Vonage Insists You're Still A Customer Two Years After You Canceled Service

Listen Vonage, Garry isn’t your customer anymore. You need to stop sending him bills and let him go. Sure, he liked you back in 2004, but he found a better company at a cheaper price and he’s moved on. Billing his AmEx every single month for two years after he canceled? Not cute. Sending his account to collections when his AmEx finally expired? Seems desperate. Please Vonage, get over Garry and move on with your life.

Garry writes:

First, I want to say that I was a happy Vonage customer for 4 years. The only reason I chose to leave them was I got a better deal. Leaving is the rub. Even after you leave, Vonage keeps on billing, and they resurrect dead service without notice. This company is technically a good operation, but the customer service and billing has earned this fiasco of a company the right to a dirt nap.

In late September 2005 I ordered VOIP service form another carrier and canceled Vonage. Several calls to Vonage sent me through a succession of people, many who had poor command of English, and eventually led me to wait on hold for the person authorized to end my account. The wait was too long, and I finally believed I closed the account on a Saturday after spending more than 2 hours on the phone with them. When I had allegedly discontinued service, I had been using my new carrier for several weeks and had disconnected the Vonage ATA box. They billed my American Express charge for the entire month, and I paid the entire bill. All was well until the next American Express bill arrived and the usual charge from Vonage was again on the bill again. I had now not used the service for 2 months Long waits finally got assurances form a Vonage employee that the service was discontinued, although no one would agree to credit me for the illegitimate charges. I paid the bill and moved on to more productive endeavors rather than fight over $30. The next month, you guessed it. Vonage billed my American Express again. I phoned American Express, and they contested the charges and since Vonge did not bother to prove they were legitimate, the charge was reversed. Every Month following that time, I had a new charge from Vonage that was contested and reversed. I repeated called Vonage and emailed them to no avail. As a rule no one could find my account when I phoned them or I was told it was an error. This continued for more than 2 years until I finally closed the American Express account. Finally all was quiet after 2 years of trying to get read of the Vonage beast.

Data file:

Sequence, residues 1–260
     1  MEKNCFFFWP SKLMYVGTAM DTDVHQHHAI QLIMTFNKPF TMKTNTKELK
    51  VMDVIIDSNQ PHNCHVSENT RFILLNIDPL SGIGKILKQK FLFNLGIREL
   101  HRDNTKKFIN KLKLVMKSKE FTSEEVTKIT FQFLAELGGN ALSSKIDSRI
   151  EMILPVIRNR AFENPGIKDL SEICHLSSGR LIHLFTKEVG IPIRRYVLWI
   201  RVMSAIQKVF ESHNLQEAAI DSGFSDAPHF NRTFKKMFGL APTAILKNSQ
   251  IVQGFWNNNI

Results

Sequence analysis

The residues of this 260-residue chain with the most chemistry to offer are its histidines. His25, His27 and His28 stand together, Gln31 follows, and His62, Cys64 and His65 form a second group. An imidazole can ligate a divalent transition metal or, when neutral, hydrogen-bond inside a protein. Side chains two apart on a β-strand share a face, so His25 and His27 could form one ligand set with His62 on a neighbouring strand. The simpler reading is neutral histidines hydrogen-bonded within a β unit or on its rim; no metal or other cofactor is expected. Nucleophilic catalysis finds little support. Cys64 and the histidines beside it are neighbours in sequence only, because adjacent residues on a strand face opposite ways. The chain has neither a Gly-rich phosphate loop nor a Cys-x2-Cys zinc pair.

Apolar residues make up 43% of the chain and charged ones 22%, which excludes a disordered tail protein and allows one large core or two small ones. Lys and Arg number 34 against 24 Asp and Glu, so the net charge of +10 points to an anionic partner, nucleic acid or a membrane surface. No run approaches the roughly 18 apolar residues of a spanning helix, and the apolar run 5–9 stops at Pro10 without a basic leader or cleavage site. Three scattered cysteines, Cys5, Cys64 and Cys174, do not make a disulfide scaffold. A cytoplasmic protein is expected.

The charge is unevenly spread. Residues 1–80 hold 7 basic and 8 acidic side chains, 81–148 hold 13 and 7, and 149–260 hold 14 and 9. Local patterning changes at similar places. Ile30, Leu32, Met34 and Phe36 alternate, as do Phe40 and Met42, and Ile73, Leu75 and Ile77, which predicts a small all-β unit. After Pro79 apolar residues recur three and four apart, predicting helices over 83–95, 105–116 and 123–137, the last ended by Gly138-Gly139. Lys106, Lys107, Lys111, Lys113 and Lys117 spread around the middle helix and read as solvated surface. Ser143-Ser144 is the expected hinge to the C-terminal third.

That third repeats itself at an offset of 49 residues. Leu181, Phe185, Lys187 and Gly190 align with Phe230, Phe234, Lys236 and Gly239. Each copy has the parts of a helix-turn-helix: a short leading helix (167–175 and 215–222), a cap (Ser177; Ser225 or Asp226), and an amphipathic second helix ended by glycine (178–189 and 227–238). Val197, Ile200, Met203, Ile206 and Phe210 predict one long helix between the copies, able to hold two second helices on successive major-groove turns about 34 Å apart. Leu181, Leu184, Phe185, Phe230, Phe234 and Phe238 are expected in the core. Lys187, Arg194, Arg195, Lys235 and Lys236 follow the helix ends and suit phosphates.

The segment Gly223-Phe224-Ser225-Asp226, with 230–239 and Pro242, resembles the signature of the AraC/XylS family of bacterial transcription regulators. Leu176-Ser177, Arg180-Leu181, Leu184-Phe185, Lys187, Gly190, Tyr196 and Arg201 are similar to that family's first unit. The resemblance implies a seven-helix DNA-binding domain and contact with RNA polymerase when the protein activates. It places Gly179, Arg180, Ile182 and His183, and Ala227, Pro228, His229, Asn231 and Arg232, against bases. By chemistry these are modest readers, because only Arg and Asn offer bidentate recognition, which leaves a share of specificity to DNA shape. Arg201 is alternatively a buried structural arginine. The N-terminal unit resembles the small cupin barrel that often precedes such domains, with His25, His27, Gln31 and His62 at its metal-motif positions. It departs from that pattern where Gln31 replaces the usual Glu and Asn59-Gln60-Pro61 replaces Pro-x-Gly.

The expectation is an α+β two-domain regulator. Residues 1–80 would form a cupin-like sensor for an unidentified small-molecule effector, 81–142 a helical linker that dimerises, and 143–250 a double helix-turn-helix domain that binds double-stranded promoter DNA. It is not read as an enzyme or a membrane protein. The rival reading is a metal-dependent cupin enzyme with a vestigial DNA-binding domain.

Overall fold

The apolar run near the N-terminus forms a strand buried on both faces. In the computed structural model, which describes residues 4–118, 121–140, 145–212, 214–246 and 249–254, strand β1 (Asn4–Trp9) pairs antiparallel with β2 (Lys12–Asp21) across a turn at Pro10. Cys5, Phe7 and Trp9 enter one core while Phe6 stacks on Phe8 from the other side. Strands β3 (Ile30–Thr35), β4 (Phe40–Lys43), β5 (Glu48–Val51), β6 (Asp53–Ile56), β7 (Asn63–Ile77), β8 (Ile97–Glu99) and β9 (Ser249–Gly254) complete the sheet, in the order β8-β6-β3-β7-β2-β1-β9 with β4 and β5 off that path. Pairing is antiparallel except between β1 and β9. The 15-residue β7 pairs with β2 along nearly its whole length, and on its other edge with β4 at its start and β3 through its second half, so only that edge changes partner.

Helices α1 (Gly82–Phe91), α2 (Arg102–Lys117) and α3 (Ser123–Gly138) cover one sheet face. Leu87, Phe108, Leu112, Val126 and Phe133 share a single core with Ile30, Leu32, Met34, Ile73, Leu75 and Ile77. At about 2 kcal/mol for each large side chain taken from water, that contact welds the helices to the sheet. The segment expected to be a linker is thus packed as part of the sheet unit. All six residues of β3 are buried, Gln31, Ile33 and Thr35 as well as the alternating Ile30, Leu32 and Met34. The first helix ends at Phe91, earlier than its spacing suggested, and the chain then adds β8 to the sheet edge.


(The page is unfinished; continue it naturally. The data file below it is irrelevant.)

Today I received two collection notices from an agency writing on Vonages’ behalf. They say I owe more than $250 for Vonage service including charges from last year – more than 2 years after I canceled service.

First, ask your ex-phone company for written confirmation that you canceled your service two years ago. Send your request directly to Vonage’s executive offices. Forward a copy of the confirmation letter to any debt collector that demands money. If, like Vonage, they don’t relent, threaten to report them for mail fraud.

RELATED: Sample Letter For Disputing A Debt Collection Notice
Unlawfully Billed? Threaten To Report Them For Mail Fraud
(Photo: Getty)


Edit Your Comment

  1. durkzilla says: